Friday, January 27, 2012
I had writer's block for about 35 years. When I was 9 I wrote constantly, entered writing contests and won sometimes; wrote, directed a school play in 5th grade. Went to college in English education so I could write more, better. Then I stopped writing. Work, goofing off and life kept me busy. Easily explained and understood. In 2006, I started writing again. In 2008 I published my first novel. I've been writing on scraps of paper, in composition books, gift journals, with screenwriting software, and on the refrigerator since then, but cannot move past snippets. From July to October last year, I could not write at all. So what do we do when we can't write, when it is what we need to do passionately? We talk about not writing. We read other people's craft. We meet. We fidget, play the tape loop about failure over and over in our heads. We judge, criticize, rewire neurons, and report failure to our creative synapses. This week friend Susan and I talked about this. We are aware of the usual suspect excuses: time, subject, interruptions, discipline. Same old, same old. We came up with a couple of insightful ideas. We're smart, educated, were not born yesterday, and know what good writing is and does. We know that good writing is putting the truth and heart on the page, connecting with empathy and understanding to the reader. It's the writing we like to read, and the writing we like to do. But. What if our children read it? What pain will we cause those we love? What in our past that we believe readers might appreciate do we not want to talk about? How do we move past not wanting to tell bad stories on ourselves, even if we think it might be funny to a reader? Can we be completely honest? If I cannot refer to myself as aging, or older, or an elder, what does that say about how truthfully I write? If I avoid pain in the present, can I write despondence with honesty? Can I bleed on the page? Does my therapist know I'm stymied like this? Is there a creative writing shoehorn? What's the 10k volt creative jolt I need? Can I pay for one more writing workshop? What Susan and I decided is the same methodology that worked when we were 9 years old. Practice, practice, practice.
Saturday, January 21, 2012
Watched Ides of March last night. Decent writing, great acting, but I felt twitchy at the end. Today I'm bothered. A couple of lines trouble me. A young woman confesses she's been out to f--k the man she's with, expects nothing, and won't tell anyone. Dialogue ensues, he tells her she's quite mature. It's a clinker line, doesn't make any sense. Mature? And once more we have what I'm going to start calling a Throwaway Woman part. A construct, a plaything, a victim, a plot device; completely erasable. Ides of March compounds the fault by introducing a replacement Throwaway Woman at the end. This is a cynical movie, full of steely jawed guys and dolls out to get what they want from everyone and everything, squeeze out the juice and toss the pulp away. The woman journalist is salivating like a junkie for the scoop in every scene she's in. Power and glory addicts. That's fine. Humans are a greedy bunch, politicians moreso, and I like that Marisa Tomei gets to chew up the scenery with the boys. I know I'm hypersensitive to women roles in movies, that there are movies I don't want shown on the same planet I'm on, movies I will never watch. I choose for potential good writing and elevated story sense. Even in the movies I do watch, too high a percentage have a Throwaway Woman. Usually she's in the credits as First Victim, or Dead Girl, no name. Cannon fodder. When Throwaway Woman is a major player in the piece it reminds me that our culture is like that. Filmmakers probably don't give a single thought to this lazy plot device. It's more than lazy, though. It's insidious.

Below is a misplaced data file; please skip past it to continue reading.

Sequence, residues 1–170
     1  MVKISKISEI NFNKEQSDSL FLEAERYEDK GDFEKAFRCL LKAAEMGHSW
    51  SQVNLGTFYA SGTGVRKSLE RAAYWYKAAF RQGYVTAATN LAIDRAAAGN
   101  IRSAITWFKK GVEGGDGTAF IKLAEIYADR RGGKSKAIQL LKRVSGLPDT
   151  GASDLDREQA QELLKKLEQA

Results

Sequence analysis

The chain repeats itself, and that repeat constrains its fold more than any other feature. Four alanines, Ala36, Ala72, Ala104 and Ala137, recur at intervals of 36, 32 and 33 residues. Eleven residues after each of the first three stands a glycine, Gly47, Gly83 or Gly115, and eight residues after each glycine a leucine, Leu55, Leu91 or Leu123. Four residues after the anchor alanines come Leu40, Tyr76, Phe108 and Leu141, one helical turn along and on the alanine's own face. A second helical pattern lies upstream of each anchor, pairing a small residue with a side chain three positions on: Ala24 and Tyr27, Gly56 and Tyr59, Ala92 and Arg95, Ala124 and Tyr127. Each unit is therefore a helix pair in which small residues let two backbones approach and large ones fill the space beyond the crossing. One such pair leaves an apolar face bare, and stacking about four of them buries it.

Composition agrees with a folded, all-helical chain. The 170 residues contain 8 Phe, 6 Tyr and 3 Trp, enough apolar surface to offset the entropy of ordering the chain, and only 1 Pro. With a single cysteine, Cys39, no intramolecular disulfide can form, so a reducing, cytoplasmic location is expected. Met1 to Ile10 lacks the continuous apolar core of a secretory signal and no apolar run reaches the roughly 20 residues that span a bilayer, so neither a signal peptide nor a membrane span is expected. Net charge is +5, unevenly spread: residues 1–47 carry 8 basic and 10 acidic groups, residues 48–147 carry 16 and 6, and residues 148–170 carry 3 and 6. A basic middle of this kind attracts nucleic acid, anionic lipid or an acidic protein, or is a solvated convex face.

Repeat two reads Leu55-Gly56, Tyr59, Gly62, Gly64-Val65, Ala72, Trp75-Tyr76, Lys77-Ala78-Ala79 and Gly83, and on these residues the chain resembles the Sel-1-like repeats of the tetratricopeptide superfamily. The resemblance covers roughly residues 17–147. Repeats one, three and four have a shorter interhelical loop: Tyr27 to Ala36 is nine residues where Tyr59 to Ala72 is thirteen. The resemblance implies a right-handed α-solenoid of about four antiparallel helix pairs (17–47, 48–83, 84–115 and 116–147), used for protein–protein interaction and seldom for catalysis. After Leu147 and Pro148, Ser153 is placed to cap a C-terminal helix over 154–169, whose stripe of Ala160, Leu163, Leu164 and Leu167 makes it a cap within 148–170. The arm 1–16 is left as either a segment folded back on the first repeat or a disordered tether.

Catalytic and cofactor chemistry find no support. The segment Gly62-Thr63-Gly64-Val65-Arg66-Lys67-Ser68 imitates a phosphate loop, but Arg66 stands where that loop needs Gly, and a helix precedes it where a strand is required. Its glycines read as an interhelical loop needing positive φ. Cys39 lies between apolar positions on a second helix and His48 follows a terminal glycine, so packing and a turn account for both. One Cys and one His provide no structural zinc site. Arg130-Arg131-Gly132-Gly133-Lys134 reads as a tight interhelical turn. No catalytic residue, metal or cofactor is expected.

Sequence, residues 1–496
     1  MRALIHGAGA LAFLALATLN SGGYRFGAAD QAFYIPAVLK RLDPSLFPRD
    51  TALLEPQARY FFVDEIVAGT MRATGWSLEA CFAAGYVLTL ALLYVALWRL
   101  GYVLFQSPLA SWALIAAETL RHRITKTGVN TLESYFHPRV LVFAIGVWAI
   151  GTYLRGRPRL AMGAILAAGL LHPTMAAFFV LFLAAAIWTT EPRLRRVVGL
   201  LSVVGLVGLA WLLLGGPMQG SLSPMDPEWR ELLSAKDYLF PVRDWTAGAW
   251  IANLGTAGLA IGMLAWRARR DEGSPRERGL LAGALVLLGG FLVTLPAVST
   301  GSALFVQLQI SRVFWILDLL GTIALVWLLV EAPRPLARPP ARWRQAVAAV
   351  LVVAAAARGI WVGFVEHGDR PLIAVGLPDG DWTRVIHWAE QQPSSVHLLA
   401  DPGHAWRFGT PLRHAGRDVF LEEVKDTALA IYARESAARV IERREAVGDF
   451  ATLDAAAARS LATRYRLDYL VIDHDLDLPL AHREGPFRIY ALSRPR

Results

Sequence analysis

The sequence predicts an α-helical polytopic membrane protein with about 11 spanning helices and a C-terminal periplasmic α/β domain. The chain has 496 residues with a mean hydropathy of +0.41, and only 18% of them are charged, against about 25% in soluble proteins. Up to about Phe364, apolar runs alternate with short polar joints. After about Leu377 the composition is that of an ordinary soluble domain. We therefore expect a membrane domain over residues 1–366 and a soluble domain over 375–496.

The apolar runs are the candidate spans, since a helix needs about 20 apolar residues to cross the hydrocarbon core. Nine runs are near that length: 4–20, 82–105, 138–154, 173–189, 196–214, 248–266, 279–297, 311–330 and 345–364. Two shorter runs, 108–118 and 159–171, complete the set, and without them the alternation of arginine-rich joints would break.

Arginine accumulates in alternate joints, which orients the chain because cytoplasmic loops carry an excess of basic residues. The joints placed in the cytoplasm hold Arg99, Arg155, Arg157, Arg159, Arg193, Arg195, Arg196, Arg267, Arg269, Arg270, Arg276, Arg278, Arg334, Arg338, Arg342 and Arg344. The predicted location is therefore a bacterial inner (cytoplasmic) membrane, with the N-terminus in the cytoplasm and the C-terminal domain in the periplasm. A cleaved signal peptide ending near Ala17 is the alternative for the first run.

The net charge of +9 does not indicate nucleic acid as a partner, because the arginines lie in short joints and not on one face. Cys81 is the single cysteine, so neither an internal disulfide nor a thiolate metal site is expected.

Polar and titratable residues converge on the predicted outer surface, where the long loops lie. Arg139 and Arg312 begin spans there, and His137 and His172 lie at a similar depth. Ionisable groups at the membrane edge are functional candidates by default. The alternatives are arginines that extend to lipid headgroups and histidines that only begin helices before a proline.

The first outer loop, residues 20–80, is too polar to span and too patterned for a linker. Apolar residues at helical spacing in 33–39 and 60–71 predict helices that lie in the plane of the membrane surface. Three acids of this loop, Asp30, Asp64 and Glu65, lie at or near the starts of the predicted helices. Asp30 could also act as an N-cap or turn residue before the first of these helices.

Wednesday, January 18, 2012
google wears a black rectangle today. Wikipedia is blacked out (you can still access it from Canada if you're desperate to find information you cannot live without) and I'm thinking about freedom of speech, piracy and censorship. I do not know whether SOPA, PIPA, or LMNOP is good for the internet or not, but I do know that any time government tries to sort something out, it gets tangled tighter. And the bad guys have already figured out a way to get around the law before the last Congressperson has speechified to an empty house on C-Span. My blog is served by google. Just now, the most views I have are from domar (not putting the .ext here to discourage further stupidity), and another long domain name with a slew of forum posts wondering how to get rid of the damn thing. I post art with every blog entry, and the art lives forever on google images. Over 636 images at last count. These are regularly hijacked on the internet high seas, by people who think any art is free to use, entities that spam, and nasty enterprises that use other people's work to flip the viewer to porn or ads. Can I stop it? Nope. Can google or any other provider? Eventually, once there's enough forum traffic to identify a serial spammer. Can the U.S. government stop it? Hell no. Can the U.S. government muck it up so badly that my Dad can't reach his favorite sites without swearing? You betcha. From long personal experience, I know if I try to stop anyone or anything from bad behavior, it just gets worse, whether for me or someone else along the way. Stifle speech, freedom of movement, a sense of forging one's own destiny, and history shows the result repeatedly. Congress needs to make up its collective mind that America is still a free country.